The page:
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WC Students Lobby Their Legislators in Washington D.C.

Group Makes Annual Pilgrimage to Nation's Capital for Lesson in Democracy

April 10, 2012

Audrey Ingram (right) and students from the University of Washington, Haverford and Swarthmore universities listen to Lt. Col. Danny Davis speak about the deteriorating situation in Afghanistan. (Photo courtesy of Michael Snarr)

Audrey Ingram (right) and students from the University of Washington, Haverford and Swarthmore universities listen to Lt. Col. Danny Davis speak about the deteriorating situation in Afghanistan. (Photo courtesy of Michael Snarr)

SEE WC STUDENTS FEATURED ON FCNL VIDEO

Nearly three-dozen Wilmington College students gained hands-on experience lobbying their elected representatives in Washington DC in late March.

Michael Snarr, professor of social and political studies, led the annual sojourn of WC students to the Nation’s Capital for a long weekend that included some intensive training in lobbying and actually meeting face-to-face many of their elected government officials or their staff.

They also toured Washington DC at the peak of its famous cherry blossom festival.

The students went on the trip under the premise that the war in Afghanistan has become counterproductive and it’s time for the United States to cease its military actions.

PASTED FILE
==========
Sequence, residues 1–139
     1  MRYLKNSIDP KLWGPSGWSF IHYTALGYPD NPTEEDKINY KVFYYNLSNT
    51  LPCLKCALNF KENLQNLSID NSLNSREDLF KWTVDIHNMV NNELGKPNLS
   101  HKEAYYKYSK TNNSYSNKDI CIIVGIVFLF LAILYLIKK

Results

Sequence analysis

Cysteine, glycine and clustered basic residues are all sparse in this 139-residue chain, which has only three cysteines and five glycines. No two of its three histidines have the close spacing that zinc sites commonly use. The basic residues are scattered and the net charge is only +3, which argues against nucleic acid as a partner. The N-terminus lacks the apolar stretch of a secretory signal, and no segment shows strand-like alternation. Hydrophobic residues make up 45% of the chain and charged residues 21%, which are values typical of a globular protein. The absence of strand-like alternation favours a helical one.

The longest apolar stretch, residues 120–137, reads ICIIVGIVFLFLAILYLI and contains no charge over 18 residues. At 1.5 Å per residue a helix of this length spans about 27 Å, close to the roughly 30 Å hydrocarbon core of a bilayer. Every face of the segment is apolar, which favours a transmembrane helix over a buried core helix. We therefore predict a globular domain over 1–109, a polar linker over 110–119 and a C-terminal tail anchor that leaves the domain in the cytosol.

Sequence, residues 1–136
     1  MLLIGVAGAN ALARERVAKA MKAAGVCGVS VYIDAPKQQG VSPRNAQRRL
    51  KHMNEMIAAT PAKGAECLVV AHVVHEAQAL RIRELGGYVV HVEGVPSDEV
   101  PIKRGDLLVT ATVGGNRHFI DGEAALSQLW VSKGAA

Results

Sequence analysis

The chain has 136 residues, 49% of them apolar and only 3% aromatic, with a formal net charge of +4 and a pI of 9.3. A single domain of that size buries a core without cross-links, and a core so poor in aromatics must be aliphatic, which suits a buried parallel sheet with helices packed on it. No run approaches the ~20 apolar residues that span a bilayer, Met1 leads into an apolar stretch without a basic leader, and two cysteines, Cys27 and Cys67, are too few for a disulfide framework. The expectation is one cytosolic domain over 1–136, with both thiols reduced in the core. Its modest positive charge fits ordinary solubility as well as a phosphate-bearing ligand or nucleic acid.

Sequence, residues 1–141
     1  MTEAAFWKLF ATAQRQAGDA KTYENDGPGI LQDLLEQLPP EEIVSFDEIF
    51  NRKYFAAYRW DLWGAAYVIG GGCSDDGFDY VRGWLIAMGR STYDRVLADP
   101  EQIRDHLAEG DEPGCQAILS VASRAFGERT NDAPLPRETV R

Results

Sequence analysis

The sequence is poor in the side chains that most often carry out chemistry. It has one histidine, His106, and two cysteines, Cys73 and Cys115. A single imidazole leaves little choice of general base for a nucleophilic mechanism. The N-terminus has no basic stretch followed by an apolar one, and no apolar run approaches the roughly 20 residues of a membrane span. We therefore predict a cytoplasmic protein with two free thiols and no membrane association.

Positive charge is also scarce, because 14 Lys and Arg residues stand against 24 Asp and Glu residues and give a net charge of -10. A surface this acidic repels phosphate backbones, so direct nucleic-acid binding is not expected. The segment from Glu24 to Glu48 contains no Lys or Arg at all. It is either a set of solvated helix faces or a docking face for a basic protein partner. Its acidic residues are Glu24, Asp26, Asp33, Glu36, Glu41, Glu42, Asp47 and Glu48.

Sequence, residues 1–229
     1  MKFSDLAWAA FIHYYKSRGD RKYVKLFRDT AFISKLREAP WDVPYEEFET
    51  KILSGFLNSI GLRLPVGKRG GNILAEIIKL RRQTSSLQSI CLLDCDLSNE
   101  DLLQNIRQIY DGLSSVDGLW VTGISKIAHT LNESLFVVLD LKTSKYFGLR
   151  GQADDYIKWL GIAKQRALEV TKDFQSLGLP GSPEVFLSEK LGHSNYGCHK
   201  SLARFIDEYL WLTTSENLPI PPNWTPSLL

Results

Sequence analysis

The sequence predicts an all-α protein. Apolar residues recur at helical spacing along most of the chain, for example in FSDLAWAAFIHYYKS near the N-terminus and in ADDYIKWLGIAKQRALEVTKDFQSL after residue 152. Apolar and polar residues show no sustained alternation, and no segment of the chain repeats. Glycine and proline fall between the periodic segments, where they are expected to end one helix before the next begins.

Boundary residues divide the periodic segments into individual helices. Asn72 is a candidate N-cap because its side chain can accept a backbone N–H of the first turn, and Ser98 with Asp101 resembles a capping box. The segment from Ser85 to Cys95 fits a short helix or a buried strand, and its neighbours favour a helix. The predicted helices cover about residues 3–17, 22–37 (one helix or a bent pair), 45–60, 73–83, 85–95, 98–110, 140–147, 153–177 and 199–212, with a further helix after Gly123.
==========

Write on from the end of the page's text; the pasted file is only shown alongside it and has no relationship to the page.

The Quaker lobbying organization, Friends Committee on National Legislation, hosted 75 students from Haverford, Swarthmore, the University of Washington and Wilmington College.

They learned about the war’s most recent developments and heard a prognosis from such knowledgeable insiders as Lt. Col. Danny Davis, who recently presented a lengthy treatise on the Afghanistan conflict, which came to the conclusion that the American people are being misled and the war is not winnable.

Also, FCNL staff member Matt Southworth, a 2009 WC graduate that served in the Iraq War, shared his insight into the war.

A video produced by FCNL highlighting the weekend’s lobbying experience featured several WC students.

Freshman Ellen Short wanted to be as prepared as possible before facing her congressional representative. “The night before our whole group got together and everybody helped each other,” she said. “I received guidance on what to say, what not to say and how to say it — that was really helpful and gave me a lot of confidence.”

Senior Kristen Carpenter said one the “biggest lessons” she learned was the value of listening, and she appreciated when those she lobbied listened to her. “I feel like I have a voice and I’m capable of making decisions and speaking about things I believe in,” she said.

Sophomore Leslie Stiffler found the experience liberating. “Before I didn’t feel like I had a voice, but (speaking with my representative) I didn’t feel intimidated at all — I felt like I was just talking to another persons,” she said. “I believe we can really make a difference.”

Sophomore Corbin Hellwarth was surprised he was able to speak with his Congressman.
“People in Congress really are accessible,” he said. “And they need to listen to what you say.”